• Do:
    • Actively seek to encourage, follow, and respect the leadership of underrepresented families
      • If certain families are not being represented at meetings and within decision-making processes, it’s your job to make personal connections and seek out their input
    • Provide opportunities for group members and leaders to get to know each other
    • Recognize the diversity in your community, openly discuss intentions to be inclusive, encourage people to voice concerns
      • Openness and transparency in every aspect of PTA is important. Encourage others to ask questions and be open to new ideas. The “old way” of doing things isn’t always the best way.
  • Don’t:
    • Continually utilize one person or a small group of people to make the PTA seem more representative of the school
      • i.e.: Tokenism
  • Remember: relationship building is key to breaking down walls and barriers
  • Do:
    • Choose events that reflect ideas, traditions, cultures, abilities and strengths of families represented in the school
    • Make events accessible to ALL families
  • Don’t:
    • Hold events that put an undue burden on families
      • Traveling far distances, odd hours, cost
    • Only hold events at the same times/locations
      • Switch things up! Friday nights aren’t the only times you can hold events. A weekday morning meet and greet, a work day to plant flowers around school right after school, a Sunday afternoon day of popsicles and playground fun can all be added in addition to the Friday night dance or STEM night.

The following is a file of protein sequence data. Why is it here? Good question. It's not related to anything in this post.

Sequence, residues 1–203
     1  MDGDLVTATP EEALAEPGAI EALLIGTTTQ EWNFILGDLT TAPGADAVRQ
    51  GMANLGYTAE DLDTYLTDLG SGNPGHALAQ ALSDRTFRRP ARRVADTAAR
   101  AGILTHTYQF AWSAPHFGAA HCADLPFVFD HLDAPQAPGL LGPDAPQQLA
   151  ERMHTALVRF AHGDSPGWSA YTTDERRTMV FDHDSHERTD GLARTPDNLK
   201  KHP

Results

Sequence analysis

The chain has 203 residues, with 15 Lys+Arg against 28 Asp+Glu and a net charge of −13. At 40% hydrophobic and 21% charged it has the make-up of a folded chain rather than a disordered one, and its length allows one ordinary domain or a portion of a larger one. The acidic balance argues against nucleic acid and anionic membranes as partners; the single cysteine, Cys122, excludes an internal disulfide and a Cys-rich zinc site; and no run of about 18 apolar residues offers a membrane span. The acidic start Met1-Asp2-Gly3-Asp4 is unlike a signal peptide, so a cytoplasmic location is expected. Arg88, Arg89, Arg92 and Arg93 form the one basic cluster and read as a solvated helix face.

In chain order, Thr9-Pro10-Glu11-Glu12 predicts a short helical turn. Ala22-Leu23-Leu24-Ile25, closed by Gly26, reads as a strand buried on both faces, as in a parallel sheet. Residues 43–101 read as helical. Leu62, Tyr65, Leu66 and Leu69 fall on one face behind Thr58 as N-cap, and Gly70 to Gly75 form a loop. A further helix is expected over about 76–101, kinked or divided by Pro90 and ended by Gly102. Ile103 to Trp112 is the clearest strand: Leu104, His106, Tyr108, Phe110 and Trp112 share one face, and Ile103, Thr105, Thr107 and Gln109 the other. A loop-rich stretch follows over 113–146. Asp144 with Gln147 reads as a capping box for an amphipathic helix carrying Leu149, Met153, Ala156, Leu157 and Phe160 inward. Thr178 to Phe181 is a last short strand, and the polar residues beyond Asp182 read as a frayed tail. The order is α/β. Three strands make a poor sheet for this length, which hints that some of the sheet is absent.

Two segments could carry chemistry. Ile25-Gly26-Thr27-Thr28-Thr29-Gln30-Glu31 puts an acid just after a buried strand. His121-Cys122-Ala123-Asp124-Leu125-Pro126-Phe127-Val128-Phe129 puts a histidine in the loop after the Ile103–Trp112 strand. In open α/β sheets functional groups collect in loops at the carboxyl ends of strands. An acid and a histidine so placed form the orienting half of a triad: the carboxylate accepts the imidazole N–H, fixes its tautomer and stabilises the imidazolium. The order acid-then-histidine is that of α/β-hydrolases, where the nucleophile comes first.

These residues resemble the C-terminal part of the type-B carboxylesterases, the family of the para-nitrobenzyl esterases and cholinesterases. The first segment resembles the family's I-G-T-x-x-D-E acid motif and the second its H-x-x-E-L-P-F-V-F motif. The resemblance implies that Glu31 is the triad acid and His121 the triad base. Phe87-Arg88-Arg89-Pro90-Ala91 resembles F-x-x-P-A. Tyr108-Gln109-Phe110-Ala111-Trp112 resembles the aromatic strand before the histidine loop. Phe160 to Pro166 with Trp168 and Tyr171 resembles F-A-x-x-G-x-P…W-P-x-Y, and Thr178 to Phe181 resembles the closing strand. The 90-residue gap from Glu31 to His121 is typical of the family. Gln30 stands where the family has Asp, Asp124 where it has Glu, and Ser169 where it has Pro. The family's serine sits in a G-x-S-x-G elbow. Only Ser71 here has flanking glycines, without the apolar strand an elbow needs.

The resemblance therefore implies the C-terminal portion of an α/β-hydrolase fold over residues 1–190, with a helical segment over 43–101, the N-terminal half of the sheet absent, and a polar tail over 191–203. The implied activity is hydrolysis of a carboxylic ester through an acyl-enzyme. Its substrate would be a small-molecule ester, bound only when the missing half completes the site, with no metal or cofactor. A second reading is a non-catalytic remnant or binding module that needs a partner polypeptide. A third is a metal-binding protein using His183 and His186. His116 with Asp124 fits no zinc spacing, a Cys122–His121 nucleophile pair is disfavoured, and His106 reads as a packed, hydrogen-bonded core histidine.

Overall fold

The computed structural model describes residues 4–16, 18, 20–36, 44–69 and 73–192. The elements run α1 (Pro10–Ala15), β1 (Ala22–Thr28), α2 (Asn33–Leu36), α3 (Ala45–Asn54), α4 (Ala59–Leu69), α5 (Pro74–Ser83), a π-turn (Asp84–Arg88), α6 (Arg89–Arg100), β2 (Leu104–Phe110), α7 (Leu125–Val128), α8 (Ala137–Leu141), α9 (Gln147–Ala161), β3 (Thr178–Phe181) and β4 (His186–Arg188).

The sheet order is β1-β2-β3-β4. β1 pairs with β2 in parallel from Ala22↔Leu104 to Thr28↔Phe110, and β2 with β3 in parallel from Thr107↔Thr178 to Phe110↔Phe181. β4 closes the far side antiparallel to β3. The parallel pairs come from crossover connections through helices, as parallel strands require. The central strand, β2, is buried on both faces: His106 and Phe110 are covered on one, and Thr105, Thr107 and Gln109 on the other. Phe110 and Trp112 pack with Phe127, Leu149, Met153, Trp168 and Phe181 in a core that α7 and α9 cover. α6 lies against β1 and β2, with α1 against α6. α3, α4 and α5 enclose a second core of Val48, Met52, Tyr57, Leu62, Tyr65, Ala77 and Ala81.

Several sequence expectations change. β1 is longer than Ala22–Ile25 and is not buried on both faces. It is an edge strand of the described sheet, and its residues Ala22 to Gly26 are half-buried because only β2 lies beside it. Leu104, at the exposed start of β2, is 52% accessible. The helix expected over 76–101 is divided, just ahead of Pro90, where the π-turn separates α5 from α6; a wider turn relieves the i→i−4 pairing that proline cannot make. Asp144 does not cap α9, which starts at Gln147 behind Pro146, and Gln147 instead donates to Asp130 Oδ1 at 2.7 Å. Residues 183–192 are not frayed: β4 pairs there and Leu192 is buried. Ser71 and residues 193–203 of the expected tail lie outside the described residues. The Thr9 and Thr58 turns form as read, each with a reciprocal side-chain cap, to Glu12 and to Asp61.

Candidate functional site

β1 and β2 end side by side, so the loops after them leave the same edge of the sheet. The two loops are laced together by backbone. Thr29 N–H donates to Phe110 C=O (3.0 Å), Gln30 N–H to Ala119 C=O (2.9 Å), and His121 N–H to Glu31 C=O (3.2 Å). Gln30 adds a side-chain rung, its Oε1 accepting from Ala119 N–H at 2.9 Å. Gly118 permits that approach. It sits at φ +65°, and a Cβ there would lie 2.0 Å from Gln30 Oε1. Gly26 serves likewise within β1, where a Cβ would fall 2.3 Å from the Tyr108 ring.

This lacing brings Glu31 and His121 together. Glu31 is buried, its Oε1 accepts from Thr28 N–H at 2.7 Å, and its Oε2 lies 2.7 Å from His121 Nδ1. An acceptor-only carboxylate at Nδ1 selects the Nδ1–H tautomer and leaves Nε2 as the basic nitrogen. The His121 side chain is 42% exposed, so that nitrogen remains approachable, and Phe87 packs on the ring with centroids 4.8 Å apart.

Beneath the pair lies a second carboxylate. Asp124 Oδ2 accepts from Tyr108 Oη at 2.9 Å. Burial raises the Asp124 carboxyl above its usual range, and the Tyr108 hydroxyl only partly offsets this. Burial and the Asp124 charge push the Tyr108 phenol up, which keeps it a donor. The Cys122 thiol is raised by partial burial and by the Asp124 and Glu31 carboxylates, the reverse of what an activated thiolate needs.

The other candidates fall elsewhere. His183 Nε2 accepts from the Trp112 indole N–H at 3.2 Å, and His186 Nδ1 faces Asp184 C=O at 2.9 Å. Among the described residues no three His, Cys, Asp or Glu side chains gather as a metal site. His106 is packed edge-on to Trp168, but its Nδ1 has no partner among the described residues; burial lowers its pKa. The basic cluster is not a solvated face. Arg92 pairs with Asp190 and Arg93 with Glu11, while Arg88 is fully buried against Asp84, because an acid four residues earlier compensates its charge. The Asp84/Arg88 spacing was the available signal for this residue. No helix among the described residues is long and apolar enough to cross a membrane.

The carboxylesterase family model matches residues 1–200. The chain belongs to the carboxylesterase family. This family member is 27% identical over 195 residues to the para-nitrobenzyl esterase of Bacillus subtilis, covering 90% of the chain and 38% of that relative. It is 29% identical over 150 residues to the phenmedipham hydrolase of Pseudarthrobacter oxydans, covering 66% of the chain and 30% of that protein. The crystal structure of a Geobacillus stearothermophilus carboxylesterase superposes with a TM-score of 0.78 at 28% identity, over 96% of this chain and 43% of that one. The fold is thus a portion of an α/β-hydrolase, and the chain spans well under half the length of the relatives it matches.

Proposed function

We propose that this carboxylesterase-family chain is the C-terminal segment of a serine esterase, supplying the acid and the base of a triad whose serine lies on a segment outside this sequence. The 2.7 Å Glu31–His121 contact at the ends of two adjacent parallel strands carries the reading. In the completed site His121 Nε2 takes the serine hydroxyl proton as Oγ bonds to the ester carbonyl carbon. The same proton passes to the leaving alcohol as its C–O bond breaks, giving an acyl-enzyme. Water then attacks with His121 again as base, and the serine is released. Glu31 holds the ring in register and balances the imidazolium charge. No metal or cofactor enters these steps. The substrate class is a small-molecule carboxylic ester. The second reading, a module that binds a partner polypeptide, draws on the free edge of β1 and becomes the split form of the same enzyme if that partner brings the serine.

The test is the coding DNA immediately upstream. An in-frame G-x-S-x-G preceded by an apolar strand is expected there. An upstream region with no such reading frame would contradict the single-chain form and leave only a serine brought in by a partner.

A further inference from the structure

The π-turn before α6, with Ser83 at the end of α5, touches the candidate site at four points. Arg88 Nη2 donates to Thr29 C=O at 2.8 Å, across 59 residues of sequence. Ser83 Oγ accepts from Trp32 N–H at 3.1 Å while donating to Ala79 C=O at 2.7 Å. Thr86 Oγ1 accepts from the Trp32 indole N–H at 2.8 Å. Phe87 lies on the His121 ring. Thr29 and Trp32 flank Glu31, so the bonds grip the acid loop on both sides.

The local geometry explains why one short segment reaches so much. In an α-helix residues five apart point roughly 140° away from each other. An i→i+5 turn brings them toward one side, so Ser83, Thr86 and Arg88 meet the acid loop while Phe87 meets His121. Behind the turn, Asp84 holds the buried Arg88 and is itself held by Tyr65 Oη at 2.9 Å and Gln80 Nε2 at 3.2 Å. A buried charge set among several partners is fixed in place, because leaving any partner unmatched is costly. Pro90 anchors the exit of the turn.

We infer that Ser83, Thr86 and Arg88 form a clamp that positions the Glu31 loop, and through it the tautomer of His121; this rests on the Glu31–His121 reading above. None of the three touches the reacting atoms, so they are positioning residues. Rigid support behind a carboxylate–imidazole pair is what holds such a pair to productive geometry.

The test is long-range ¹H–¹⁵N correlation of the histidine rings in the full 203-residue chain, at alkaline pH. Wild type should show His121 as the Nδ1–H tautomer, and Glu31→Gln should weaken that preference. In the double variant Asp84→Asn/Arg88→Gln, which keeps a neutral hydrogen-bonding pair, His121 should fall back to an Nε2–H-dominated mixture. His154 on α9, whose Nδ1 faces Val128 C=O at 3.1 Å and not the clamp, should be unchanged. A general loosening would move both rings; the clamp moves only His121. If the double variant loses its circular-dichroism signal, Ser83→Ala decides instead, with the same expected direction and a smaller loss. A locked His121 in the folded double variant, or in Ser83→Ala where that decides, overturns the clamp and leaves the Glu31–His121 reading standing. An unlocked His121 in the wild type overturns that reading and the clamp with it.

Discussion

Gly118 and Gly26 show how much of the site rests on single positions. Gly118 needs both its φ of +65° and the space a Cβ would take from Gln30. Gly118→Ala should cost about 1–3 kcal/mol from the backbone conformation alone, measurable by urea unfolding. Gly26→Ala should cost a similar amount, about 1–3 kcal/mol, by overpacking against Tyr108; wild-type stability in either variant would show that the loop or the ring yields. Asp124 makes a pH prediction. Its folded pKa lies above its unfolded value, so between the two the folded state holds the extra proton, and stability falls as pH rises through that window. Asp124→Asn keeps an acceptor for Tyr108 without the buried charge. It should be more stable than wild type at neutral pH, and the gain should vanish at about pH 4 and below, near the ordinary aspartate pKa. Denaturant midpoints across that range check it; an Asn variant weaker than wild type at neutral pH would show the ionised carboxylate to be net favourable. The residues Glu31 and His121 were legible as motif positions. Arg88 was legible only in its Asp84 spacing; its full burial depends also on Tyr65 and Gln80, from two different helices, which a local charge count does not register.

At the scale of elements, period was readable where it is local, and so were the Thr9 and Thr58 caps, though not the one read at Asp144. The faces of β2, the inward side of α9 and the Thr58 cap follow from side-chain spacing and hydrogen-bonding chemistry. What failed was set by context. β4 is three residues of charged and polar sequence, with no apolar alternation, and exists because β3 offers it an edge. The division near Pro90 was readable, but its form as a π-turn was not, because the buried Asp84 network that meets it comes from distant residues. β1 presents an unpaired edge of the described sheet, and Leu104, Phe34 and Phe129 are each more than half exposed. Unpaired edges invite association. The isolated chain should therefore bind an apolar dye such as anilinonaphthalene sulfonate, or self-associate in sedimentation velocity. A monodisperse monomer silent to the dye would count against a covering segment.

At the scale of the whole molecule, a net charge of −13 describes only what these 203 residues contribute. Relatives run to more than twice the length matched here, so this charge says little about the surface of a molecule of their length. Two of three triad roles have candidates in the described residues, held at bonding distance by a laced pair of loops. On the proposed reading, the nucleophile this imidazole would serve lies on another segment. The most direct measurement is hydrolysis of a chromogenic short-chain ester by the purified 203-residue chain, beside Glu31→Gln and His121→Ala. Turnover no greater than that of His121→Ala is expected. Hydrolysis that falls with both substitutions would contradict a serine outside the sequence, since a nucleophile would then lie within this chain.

• Remember: events should involve the entire school community, and build and strengthen it across race, class, language, nationality, educational background, and abilities.
  • Do:
    • Choose events that reflect ideas, traditions, cultures, abilities and strengths of families represented in the school
    • Make events accessible to ALL families
  • Don’t:
    • Hold events that put an undue burden on families
      • Traveling far distances, odd hours, cost
    • Only hold events at the same times/locations
      • Switch things up! Friday nights aren’t the only times you can hold events. A weekday morning meet and greet, a work day to plant flowers around school right after school, a Sunday afternoon day of popsicles and playground fun can all be added in addition to the Friday night dance or STEM night.
  • Remember: events should involve the entire school community, and build and strengthen it across race, class, language, nationality, educational background, and abilities.